Creativity in spatial design
Sponda sought new perspectives and wild ideas for redesigning the reception and basement premises of its head office by teaming up with students in Spatial Design from Aalto University. The designs developed in the collaborative project will be used as the basis for the implementation of meeting places that promote creativity as well as space for quiet work at the head office.
In the future, the importance of collaboration will be increasingly highlighted and the space will become more personalised
The designs from the students represented a broad range of approaches, with their emphases varying from atmosphere and adaptability to efficiency at work. Spatial design students Angela Lin and Madeleine Walcher described their team’s approach as a human perspective that combines comfort with functionality.
“The way we worked on the project reflects the premise of our spatial design. We combined stretches of independent work with team meetings to generate ideas and evaluate the direction of our designs. We wanted to create a dynamic space that supports both of these two different working methods,” Lin says.
“Our proposal could be compared to a café where you can work independently at your own table while being surrounded by other people,” Walcher adds.
The objective was to design a comfortable space with a pleasant atmosphere that combines Sponda’s visual identity with Finnish aesthetics.
From uniform business premises towards diversity
The students believe that, in the future, business premises will increasingly reflect organisations’ individual needs and ways of working. This will involve a move from uniform offices featuring similar layouts and furniture to more flexible designs.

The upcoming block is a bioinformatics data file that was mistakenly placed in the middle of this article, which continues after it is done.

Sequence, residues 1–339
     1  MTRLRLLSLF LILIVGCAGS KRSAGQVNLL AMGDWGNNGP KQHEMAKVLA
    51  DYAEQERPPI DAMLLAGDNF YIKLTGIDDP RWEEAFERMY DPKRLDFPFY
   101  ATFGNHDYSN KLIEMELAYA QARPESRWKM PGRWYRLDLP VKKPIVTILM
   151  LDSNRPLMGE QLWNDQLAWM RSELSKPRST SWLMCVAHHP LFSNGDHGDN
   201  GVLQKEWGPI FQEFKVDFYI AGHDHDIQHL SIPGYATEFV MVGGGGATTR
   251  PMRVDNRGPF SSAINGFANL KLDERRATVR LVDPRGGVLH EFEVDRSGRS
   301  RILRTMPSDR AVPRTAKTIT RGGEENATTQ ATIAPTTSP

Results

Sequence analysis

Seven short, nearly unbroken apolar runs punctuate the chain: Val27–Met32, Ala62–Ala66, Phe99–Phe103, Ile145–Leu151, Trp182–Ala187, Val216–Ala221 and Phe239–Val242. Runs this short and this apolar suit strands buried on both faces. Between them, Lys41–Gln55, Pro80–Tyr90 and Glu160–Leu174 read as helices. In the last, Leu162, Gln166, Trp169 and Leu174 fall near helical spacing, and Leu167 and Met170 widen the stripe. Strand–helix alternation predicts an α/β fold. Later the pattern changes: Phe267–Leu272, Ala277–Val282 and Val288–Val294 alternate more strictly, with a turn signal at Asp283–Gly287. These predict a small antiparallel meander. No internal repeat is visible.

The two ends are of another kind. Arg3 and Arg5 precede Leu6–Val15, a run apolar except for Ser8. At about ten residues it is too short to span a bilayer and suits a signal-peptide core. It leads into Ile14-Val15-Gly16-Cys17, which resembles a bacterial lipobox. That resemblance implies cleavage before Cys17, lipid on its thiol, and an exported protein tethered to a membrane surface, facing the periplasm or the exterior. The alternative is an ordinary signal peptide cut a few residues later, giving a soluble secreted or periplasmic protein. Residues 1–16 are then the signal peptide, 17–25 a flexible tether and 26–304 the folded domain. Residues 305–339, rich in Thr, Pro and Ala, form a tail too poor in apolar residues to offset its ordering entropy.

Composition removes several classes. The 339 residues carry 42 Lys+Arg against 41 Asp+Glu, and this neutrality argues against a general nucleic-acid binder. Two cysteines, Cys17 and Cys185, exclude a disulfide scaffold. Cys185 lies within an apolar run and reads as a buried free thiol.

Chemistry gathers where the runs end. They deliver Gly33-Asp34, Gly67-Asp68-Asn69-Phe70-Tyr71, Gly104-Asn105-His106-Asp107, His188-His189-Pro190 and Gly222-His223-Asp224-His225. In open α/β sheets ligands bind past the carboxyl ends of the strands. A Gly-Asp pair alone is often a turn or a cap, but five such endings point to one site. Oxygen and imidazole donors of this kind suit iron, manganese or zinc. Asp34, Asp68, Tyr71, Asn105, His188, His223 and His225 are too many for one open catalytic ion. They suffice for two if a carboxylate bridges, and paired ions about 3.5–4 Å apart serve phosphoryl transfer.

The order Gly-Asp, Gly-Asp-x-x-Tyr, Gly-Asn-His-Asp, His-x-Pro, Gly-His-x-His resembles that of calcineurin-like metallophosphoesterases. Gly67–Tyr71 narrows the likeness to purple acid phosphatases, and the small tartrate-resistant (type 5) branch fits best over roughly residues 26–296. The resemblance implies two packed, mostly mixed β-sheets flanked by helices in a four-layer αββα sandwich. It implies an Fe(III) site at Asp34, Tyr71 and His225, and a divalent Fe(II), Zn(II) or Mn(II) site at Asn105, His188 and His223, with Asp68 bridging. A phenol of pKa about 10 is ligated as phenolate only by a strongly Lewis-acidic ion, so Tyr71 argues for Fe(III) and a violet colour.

“The space must support efficiency from the employee’s perspective, not just the perspective of the company’s operations. Spatial design is moving from a fixed and permanent space towards a dynamic process that responds effectively to changes. The focus is on the opportunities provided by the space and how to best utilise them,” Lin says.
“In the future, the importance of collaboration will be increasingly highlighted and the space will become more personalised. Technological development will also have an impact on how work is performed, which will affect spatial design,” Walcher continues.
Walcher and Lin agree that the work of spatial designers is also becoming more cross-disciplinary: some projects may require graphic design skills, while another may emphasise the perspective of service design or interior design. This will lead to a greater focus on collaboration in spatial design, with experts in different fields working as a team.
The future of spatial planning
- Diverse: Business premises are becoming increasingly diverse and personalised in order to support different operational models.
- Dynamic: Spatial design will no longer see space as something that is fixed and permanent, but rather as something dynamic where the focus is on the opportunities provided by the space.
- Cross-disciplinary: The spatial designer’s expertise will expand in new directions such as graphic design, service design and interior design.